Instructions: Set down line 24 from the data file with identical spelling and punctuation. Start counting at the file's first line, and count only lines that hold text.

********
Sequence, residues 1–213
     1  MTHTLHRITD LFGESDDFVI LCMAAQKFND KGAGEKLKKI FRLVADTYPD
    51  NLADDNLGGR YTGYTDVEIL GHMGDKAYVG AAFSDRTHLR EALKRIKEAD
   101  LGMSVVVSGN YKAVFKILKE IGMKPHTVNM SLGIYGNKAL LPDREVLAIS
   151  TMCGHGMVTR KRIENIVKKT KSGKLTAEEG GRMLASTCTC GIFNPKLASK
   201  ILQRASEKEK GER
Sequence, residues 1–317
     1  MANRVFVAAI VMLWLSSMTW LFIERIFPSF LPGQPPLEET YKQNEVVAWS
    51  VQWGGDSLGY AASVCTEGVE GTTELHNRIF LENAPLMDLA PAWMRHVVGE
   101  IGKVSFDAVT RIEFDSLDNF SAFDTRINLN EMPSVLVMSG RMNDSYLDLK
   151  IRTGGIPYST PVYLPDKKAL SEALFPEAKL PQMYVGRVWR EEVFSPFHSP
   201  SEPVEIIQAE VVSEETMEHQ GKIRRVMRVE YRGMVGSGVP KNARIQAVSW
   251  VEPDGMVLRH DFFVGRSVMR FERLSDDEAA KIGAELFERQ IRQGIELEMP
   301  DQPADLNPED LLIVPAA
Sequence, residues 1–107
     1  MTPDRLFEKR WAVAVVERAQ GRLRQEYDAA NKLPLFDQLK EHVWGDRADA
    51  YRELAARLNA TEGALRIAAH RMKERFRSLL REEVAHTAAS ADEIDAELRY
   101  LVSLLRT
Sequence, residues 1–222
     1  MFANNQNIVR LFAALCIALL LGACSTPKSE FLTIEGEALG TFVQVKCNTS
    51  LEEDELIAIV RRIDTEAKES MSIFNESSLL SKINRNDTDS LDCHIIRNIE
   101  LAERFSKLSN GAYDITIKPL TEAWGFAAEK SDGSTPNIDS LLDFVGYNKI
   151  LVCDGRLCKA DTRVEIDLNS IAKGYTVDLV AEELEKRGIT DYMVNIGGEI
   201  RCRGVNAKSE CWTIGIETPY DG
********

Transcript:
   201  RCRGVNAKSE CWTIGIETPY DG